2016 Renault Kwid 1.0 review, road test

With a 1.0-litre engine and an AMT option, is the Kwid experience now complete?


The Renault Kwid’s success story in India is a case study of how a multinational wiggled its way into the budget end of the Indian market that’s dominated by local giant, Maruti. The winning formula involving competitive pricing, SUV-inspired styling, great ride quality, plenty of space and low running costs is what made the Kwid click. And yes, there’s that much-coveted touchscreen too. But the Kwid hasn’t been all perfect. Its biggest weakness has been the 799cc engine which, to put it plainly, has been a ‘work-in-progress’ from the day it was launched. While performance is at best decent and on par with the competition, noise levels and inconsistent power delivery were major issues. So, the larger (and more sorted) 1.0-litre engine hasn’t come a day too soon. And, the automatic option too promises to seriously transform the way the Kwid drives.

This is instantly obvious the moment you fire up the engine. It’s smoother and quieter than before and, although the uneasy idle typical of most three-cylinder units is present, vibrations are perceptibly lower than before. The larger 999cc engine seems to be better balanced but it’s the redesigned timing chain that Renault quietly slipped into the engines of the Kwid some months ago that has added a bit of refinement. In fact, there has been a stream of constant refinements and updates since the car was launched.

The 1.0-litre engine puts out 68hp at 5,500rpm, which is a significant 26 percent increase over the Kwid 0.8’s modest 54hp. Torque too has gone up by an identical 26 percent to 91Nm. Although, negating the increased power benefit to a small extent is the substantial 40kg increase in weight. However, this extra weight is not due to the larger engine (which uses the same lightweight block as before), but the reinforcements in the body structure for crash safety and a pre-tensioning front seatbelt system. From a dismal rating of zero stars in the Global NCAP tests, the Kwid’s crash protection has been upgraded to 1 star. This may still not be respectable, but it’s important to know that this rating has made the Kwid the safest car in its class. Incidentally, the Kwid 0.8 too gets the same beefed-up body structure and a similar weight gain.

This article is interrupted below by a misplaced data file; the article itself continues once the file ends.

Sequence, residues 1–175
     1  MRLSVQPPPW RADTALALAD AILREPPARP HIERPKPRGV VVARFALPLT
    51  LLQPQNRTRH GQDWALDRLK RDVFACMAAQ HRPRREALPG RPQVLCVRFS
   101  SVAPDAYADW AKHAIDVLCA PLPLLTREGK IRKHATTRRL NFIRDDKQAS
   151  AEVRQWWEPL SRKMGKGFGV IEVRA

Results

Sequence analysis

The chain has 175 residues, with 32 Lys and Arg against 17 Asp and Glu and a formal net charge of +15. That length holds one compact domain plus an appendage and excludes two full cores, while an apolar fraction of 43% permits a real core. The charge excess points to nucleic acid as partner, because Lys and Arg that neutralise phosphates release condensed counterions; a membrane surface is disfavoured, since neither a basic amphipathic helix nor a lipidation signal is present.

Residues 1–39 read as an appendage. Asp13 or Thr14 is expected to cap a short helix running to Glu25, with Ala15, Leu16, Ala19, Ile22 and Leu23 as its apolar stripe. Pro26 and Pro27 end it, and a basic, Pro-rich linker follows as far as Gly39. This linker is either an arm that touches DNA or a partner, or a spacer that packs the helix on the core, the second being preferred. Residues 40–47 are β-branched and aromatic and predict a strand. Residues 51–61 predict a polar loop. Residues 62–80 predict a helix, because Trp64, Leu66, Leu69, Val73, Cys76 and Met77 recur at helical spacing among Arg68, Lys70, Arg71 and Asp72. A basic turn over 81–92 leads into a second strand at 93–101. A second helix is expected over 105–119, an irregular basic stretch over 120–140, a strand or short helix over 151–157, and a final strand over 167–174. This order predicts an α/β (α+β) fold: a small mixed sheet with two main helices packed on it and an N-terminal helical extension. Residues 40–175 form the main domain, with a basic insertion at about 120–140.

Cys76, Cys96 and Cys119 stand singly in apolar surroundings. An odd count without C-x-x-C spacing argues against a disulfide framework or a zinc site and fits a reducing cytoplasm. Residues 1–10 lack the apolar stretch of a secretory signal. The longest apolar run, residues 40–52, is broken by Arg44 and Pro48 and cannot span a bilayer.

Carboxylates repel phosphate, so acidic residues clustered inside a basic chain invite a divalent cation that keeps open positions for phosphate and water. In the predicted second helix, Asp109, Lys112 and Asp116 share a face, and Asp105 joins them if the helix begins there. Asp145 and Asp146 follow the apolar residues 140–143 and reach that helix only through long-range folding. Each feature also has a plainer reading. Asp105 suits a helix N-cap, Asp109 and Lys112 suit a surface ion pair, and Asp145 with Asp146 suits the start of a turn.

Thus, the performance difference is dramatic. At 13.85sec, the 1.0L Kwid is over 3sec faster in its sprint from 0-100kph. Rolling from 20 -80kph in third gear is also quicker at 12.34sec, against the 800cc’s 17.13sec. And these figures are of the lighter Kwid we first tested.

More important than the performance figures is the way the more powerful Kwid now drives. Gone are the flat spots and hesitant power delivery that plagued the 0.8-litre Kwid, and instead, what you get is an engine that feels much more responsive, smoother and effortless. Yes, there is still a bit of that on-off jerkiness seen in cars with an aggressive fuel cut-off when you back off the throttle (for better economy); but you experience this only in first gear at crawling speeds. Get the revs up and the drivability improves, and the good thing is that the extra torque results in fewer gearshifts – you can pull from low revs without needing to downshift. The 1.0-litre Kwid uses the same gearbox as the 800cc variant and requires little effort to operate.

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Door decals and grey mirrors, the only style difference in the 1.0-litre cars. Touchscreen and digital instrumentation still the highlight of the segment. Seats comfortable but with fairly flat bases and limited side bolstering. Ample head and legroom inside the cabin, even for large-sized people. 300-litre boot very usable, can be extended via the flip down backrest. Carry your world with you, with ample interior storage spaces. Dial to choose drive direction, but no manual gearshift control on the Kwid. In the absence of the gear lever, you get an additional cubbyhole instead.
We’ve exclusively driven the Jeep Compass in India, tell you what the all-new SsangYong Rexton is like, give our first impressions of the third-gen Maruti Dzire and have driven all of Lexus’ India cars. And there’s plenty more inside!
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Autocar Magazine

Issue: 214 | Autocar India: June 2017

We’ve exclusively driven the Jeep Compass in India, tell you what the all-new SsangYong Rexton is like, give our first impressions of the third-gen Maruti Dzire and have driven all of...
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